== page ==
memes in the physical space. One of the glorious accomplishments of human civilizations is

memes in digital space. Now this could create memes in physical space. I am both excited

and terrified by that possibility. Cognitive light cone, I think we also talked about the

outer boundary in space and time of the largest goal a given system can work towards. Is this

kind of like shaping the set of options?

It’s a little different than options. It’s really focused on… I first came up with

this back in 2018, I want to say. There was a conference, a Templeton conference where

they challenged us to come up with frameworks. I think actually it’s the diverse intelligence


Summer Institute.

Yeah, they had a Summer Institute.

That’s the logos, the bee with some circuits.

Yeah, it’s got different life forms. The whole program is called diverse intelligence. They

challenged us to come up with a framework that was suitable for analyzing different

kinds of intelligence together. Because the kinds of things you do to a human are not

good with an octopus, not good with a plant and so on. I started thinking about this.

I asked myself what do all cognitive agents, no matter what their provenance, no matter

what their architecture is, what do cognitive agents have in common? It seems to me that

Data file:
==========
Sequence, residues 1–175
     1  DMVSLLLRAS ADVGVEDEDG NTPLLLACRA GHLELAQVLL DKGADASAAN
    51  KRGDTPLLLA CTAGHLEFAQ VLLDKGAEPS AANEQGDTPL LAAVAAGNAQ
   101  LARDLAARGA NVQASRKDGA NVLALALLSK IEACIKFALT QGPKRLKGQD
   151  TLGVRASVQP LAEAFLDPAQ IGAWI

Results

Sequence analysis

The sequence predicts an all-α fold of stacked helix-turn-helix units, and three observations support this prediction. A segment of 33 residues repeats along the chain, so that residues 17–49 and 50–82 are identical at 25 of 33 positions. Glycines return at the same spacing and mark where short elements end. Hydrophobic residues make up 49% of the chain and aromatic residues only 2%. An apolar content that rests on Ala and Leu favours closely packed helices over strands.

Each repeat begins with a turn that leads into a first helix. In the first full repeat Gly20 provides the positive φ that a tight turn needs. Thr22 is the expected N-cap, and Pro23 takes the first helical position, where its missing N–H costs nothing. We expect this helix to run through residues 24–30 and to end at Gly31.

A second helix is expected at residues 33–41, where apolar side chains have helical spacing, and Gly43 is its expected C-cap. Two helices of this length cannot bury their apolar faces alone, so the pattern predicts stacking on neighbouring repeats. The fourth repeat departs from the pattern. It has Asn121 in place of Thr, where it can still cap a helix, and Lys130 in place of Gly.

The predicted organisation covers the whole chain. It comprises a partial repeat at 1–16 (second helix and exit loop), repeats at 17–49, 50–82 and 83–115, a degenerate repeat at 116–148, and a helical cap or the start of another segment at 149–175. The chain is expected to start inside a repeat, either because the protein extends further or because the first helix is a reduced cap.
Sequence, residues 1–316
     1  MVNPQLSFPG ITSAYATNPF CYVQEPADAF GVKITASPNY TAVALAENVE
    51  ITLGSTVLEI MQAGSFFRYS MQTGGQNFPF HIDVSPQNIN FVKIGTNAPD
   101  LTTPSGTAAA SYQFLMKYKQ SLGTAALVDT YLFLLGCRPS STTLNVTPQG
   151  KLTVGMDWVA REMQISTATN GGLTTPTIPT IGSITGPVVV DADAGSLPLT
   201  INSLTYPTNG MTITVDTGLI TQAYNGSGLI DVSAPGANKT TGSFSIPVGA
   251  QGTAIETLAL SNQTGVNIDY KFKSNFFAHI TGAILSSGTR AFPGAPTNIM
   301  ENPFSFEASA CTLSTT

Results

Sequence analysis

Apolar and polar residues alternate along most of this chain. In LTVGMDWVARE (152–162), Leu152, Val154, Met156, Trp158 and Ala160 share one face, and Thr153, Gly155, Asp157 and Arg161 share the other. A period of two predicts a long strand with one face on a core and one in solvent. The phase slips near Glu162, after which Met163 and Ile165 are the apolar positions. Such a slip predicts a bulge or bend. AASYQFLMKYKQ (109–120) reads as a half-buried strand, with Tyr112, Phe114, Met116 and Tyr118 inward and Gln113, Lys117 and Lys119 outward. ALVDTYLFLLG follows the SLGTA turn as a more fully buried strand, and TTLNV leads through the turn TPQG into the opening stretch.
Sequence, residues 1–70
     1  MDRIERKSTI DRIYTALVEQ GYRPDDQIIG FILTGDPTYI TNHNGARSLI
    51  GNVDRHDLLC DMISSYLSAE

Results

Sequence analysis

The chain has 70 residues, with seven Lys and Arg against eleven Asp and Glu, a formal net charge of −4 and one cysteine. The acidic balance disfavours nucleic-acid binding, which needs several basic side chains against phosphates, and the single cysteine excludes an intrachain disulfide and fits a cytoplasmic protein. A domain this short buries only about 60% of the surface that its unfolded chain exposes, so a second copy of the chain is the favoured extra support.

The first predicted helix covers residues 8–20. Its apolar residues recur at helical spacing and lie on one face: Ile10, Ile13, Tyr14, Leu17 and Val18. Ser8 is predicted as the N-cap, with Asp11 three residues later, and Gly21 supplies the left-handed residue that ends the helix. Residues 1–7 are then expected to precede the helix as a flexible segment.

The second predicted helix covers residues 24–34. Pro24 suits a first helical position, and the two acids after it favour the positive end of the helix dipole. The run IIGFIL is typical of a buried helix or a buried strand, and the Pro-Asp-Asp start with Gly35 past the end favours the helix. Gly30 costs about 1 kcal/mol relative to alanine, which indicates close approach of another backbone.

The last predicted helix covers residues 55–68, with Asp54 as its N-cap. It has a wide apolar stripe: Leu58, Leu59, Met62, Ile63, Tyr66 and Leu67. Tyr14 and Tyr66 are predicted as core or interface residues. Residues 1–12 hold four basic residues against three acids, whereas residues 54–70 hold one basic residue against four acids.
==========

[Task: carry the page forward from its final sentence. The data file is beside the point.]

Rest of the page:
what they have in common is some degree of competency to pursue a goal. What you can

do then is you can draw. What I ended up drawing was this thing that it’s kind of like a backwards

Minkowski cone diagram where all of space is collapsed into one axis and then here and

then time is this axis. Then what you can do is you can draw for any creature, you can

semi quantitatively estimate what are the spatial and temporal goals that it’s capable

of pursuing.

For example, if you are a tick and all you really are able to pursue is maximum or a

bacterium and maximizing the level of some chemical in your vicinity, that’s all you’ve

got, it’s a tiny little icon, then you’re a simple system like a tick or a bacterium.

If you are something like a dog, well, you’ve got some ability to care about some spatial

region, some temporal. You can remember a little bit backwards, you can predict a little

bit forwards, but you’re never ever going to care about what happens in the next town

over four weeks from now. As far as we know, it’s just impossible for that kind of architecture.

If you’re a human, you might be working towards world peace long after you’re dead. You might

have a planetary scale goal that’s enormous. Then there may be other greater intelligences

somewhere that can care in the linear range about numbers of creatures, some sort of Buddha

like character that can care about everybody’s welfare, really care the way that we can’t.

It’s not a mapping of what you can sense, how far you can sense. It’s not a mapping